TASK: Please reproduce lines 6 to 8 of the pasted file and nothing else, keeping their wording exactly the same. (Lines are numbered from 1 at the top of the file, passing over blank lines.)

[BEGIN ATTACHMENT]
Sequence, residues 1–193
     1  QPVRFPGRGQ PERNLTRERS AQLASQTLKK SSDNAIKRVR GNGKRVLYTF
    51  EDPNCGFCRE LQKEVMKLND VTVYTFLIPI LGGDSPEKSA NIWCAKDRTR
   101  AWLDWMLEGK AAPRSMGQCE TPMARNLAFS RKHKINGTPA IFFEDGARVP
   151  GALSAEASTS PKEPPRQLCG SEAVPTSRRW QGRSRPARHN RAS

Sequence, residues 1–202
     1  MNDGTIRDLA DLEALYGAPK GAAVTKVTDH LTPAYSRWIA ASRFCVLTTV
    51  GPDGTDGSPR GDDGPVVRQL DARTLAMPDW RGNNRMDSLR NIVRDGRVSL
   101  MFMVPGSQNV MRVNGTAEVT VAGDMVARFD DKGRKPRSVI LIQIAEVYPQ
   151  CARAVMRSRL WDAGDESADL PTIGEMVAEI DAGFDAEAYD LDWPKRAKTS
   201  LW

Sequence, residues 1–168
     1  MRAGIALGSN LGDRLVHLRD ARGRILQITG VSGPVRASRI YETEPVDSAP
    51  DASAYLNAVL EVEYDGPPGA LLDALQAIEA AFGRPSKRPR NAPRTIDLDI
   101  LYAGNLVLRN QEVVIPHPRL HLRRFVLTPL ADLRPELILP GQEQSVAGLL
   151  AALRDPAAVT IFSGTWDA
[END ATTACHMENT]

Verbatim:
Sequence, residues 1–202
     1  MNDGTIRDLA DLEALYGAPK GAAVTKVTDH LTPAYSRWIA ASRFCVLTTV
    51  GPDGTDGSPR GDDGPVVRQL DARTLAMPDW RGNNRMDSLR NIVRDGRVSL